In a comment, Johan wrote:

In the rare combination GPT disk + legacy BIOS boot, the boot code is read in the old-fasioned way from the MBR

What is the proper way to determine if a PC has the above-described rare combination? What Windows and/or Linux commands should be used to examine the disk for such a condition?

  • I would consider it a bonus for a U&L audience to know the Windows commands for a particular situation, just to set expectations. – Jeff Schaller Jun 5 at 19:17

If you have a working Linux installation on the PC, you can check if the directory /sys/firmware/efi exists. If it does exist, then your computer has EFI firmware and is not in BIOS compatibility mode. If the directory is missing, then the machine boots using the legacy BIOS.

The partitioning scheme can be checked using fdisk. If fdisk p command ("print the partition table") reports "msdos" for the disklabel type, then the disk has an old-fashioned MBR partition table. If the disklabel type is "gpt", the you have s GPT disk.

  • I have a bootable USB pen drive with Linux and Clonezilla. The pc in question has a recently installed, updated, configured, and properly operating Win7 Home Premium 64bit SP1. The history of the disk is unknown (purchased used, to replace original failed disk). – Royce Jun 5 at 22:28
  • gdisk says "MBR only" and "GPT present" – Royce Jun 5 at 22:33
  • I want to make a Clonezilla image backup of the disk. But Clonezilla does not like the disk the way it is. It says "This disk contains mismatched GPT and MBR partition /dev/sda. It will confuse Clonezilla and might make the saved image useless. You can use gdisk or sgdisk to fix this issue. If you are sure only MBR partition table is the one you want, you can run this command to destroy the GPT partition table while keeping the MBR partition table: sudo sgdisk -z /dev/sda" – Royce Jun 5 at 22:40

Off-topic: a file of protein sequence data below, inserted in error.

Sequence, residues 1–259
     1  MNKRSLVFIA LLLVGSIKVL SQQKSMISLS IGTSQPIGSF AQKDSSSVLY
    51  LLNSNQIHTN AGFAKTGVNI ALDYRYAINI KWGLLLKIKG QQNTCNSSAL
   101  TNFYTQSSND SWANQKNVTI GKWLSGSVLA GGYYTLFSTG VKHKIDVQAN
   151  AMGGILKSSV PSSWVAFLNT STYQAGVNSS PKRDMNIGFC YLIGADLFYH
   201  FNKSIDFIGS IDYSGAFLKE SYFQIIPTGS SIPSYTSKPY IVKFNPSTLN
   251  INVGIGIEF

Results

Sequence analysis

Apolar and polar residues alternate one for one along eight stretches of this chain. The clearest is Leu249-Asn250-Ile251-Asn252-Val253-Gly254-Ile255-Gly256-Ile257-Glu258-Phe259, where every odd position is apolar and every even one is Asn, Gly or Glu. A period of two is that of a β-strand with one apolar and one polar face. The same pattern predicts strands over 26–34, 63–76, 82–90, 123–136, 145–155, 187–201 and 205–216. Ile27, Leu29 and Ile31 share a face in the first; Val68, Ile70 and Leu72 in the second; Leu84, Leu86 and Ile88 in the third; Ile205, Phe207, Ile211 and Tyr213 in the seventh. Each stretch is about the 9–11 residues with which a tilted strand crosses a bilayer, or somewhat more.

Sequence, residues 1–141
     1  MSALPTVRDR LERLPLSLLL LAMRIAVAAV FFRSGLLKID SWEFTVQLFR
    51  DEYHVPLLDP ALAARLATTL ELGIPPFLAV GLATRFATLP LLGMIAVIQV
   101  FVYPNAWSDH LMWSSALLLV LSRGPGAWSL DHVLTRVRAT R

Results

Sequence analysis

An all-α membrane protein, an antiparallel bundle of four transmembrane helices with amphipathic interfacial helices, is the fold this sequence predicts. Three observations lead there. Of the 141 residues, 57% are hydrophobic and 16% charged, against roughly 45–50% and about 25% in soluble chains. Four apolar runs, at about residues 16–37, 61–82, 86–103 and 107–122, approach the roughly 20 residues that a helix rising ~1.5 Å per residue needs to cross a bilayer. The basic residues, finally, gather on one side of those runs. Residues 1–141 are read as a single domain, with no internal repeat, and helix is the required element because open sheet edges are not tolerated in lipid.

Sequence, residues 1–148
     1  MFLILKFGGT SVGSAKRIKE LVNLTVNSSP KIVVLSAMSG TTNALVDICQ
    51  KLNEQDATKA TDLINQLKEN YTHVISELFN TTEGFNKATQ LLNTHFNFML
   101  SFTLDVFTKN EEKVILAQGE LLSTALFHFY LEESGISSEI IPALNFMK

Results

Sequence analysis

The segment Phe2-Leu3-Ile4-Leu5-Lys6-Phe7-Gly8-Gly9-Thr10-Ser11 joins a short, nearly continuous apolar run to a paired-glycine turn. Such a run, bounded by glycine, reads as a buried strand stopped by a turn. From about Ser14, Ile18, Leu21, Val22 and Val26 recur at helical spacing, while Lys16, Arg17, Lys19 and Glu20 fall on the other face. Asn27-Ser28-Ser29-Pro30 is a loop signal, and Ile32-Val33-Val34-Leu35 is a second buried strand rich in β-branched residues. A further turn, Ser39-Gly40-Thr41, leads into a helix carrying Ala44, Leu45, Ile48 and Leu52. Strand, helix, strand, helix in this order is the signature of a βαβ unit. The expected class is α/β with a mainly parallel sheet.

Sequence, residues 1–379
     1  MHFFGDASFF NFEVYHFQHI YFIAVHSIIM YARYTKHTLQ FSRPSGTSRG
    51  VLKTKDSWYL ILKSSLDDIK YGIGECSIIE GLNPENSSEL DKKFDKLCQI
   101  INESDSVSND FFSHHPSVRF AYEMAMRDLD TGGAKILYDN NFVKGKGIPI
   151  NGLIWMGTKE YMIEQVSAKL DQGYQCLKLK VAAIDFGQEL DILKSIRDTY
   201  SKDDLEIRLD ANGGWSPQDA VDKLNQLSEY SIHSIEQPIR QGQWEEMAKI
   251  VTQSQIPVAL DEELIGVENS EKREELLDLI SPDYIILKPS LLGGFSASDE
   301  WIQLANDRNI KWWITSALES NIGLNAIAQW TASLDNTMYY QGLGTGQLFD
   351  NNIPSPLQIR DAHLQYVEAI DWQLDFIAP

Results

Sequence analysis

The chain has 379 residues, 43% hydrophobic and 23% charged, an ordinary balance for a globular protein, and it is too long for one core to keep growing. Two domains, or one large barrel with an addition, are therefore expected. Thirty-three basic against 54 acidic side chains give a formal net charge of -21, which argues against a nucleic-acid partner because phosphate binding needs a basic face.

• @Royce it sounds like you have a system with an issue. Please ask a question about that, it sounds like we've had an "XY problem" – derobert Jun 6 at 0:53
  • My guess is that the disk was originally partitioned using a GPT partition table, then repartitioned to MBR, without wiping the GPT header and GPT partition table that immediately follow the Master Boot Record. If my assumption is correct, the MBR partition table is the one that reflects the partitions on this disk, and the GPT partition table (or what is left of it) is a ghost of the past. Without seing the disk, I'm not sure what you can safely do. The warnings regarding sgdisk's -z option should be taken seriously. The old GPT partition table may have been partially overwritten. – Johan Myréen Jun 6 at 6:25

I don't know if it's a rare condition, it's one of the sane ways to use larger disks on older machines. Or when the system firmware is buggy and, e.g., wont properly fall back to a second disk when booting a software RAID setup.

First, you'd check that the machine is not booted with EFI. See “How to know if I'm booting using UEFI?” to check.

On Linux:

Under Linux, you should see a few indicators if you run gdisk -l /dev/DISK

  1. Partition table is GPT ("Found valid GPT with protective MBR; using GPT.")